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How to Make a Change in Your HOA

You love your HOA and all the amenities. The pool, the game room, the tennis courts. That’s why you moved into a planned community to begin with, right?

But you’re not happy with some of the decisions your HOA is making. You think they’re being shortsighted, too farsighted, completely blind? Whatever it is, you have solutions and ideas, or at least a perspective that needs to be shared.

So, how do you make the changes that you want to see in your HOA?

You’ve got to be the change. And that means getting on your board.

Election Season

Your community cannot run without the dedicated volunteers who operate the board. To get a place on the board, you typically have to get elected by the members of your HOA. You won’t need to run a state-of-the-art election campaign, but you will need to get the votes. That means getting the word out that you’re in the running and persuading community members why you should be on the board.

Duties of a Board Member

Every HOA will have articles of incorporation, bylaws and declarations of conditions, covenants and restrictions (CC&Rs). Familiarize yourself with these before running for the board. You may find that being on the board was more than you bargained for or you may find that you’re up to the task. You don’t have to memorize all the governing documents but you’ll want to know what you’ll be responsible for. Get copies from board members or from your HOA’s attorney, if they have one (if they don’t you can advocate for an HOA attorney, here’s why).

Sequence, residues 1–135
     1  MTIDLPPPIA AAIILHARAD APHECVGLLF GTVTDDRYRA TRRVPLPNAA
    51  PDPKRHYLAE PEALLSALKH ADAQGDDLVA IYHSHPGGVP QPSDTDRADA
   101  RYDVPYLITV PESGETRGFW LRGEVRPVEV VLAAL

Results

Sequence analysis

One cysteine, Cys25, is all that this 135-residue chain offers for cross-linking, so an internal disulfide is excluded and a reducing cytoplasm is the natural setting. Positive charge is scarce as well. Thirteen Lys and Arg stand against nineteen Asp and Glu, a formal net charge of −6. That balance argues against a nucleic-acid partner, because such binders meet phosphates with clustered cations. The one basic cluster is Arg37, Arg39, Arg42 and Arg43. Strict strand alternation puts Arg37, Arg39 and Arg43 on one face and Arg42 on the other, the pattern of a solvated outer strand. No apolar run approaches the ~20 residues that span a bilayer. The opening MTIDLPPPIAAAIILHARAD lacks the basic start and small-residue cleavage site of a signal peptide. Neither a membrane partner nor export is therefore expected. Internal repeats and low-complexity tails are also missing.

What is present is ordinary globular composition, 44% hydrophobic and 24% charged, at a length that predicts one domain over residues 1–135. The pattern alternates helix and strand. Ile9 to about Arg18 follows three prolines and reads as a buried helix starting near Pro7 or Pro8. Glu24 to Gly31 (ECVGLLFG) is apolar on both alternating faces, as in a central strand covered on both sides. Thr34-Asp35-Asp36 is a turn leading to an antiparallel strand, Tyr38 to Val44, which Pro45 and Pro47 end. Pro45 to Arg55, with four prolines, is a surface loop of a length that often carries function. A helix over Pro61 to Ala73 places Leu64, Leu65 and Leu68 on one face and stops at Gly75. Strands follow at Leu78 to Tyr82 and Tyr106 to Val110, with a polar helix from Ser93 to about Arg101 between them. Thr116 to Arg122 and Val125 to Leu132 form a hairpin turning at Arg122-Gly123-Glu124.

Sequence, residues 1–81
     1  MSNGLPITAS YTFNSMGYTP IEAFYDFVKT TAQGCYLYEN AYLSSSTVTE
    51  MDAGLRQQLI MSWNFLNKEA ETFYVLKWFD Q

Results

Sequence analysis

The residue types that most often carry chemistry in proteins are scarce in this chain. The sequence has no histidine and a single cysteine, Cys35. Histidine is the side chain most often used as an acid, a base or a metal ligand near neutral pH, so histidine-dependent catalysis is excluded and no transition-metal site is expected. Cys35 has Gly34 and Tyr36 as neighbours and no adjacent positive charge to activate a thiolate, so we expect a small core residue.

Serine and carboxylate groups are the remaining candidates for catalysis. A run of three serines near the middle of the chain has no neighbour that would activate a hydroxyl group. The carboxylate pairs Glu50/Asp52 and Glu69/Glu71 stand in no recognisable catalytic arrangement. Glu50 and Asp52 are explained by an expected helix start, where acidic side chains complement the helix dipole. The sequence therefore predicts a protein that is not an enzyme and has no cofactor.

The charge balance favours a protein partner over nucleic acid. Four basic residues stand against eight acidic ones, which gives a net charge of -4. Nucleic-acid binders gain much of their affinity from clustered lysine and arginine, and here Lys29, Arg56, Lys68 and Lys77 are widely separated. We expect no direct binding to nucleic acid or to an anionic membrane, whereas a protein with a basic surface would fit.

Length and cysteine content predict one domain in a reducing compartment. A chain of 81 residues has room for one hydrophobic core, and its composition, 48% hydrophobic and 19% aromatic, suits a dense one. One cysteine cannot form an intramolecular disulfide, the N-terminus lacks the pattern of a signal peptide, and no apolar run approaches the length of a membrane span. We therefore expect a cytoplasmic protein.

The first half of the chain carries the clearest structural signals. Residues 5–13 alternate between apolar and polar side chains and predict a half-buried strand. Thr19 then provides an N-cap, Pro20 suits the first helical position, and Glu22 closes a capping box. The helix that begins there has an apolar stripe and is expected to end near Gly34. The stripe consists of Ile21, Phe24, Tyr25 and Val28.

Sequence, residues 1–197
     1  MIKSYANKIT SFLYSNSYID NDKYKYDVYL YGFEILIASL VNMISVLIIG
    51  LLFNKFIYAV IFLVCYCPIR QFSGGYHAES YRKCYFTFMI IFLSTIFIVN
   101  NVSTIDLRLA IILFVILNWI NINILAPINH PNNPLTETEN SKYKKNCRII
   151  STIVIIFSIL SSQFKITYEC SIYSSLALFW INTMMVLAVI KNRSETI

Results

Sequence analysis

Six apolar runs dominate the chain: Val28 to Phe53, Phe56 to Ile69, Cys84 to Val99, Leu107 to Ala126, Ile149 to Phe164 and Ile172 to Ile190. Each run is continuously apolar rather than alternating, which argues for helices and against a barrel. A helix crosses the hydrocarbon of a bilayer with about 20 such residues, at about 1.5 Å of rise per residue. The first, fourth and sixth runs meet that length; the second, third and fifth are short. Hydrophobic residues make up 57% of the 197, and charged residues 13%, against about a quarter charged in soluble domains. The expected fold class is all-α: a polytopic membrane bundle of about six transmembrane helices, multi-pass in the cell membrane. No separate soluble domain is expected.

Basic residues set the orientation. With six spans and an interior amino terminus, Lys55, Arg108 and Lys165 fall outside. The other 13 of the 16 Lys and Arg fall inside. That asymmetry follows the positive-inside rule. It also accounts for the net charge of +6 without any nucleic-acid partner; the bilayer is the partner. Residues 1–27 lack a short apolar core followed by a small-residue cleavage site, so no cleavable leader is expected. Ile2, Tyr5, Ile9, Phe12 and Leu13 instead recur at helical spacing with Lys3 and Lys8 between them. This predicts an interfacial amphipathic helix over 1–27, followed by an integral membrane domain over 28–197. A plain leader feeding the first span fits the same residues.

Fiduciary Responsibilities

As a board member, it’s important to recognize that you will be legally obligated to uphold certain responsibilities. Essentially, this is just a way to ensure that board members are acting in the best interest of their community members. It also serves to protect both the board members and community members with the trust that is given over to the board.

Your governing documents may spell out more specific fiduciary responsibilities, but the general guidelines fall under three components:

  • Duty of Care
  • Duty of Loyalty
  • Duty to Act

We wish you and your HOA the best and, as always, we are here to help. With over 20 years of experience, we know what it takes to create a strong planned community.

If none of the above information has scared you off and you still want to make a change in your HOA, then by all means, run for the board.

You’ve got our vote!

Have any questions? Contact Us Now

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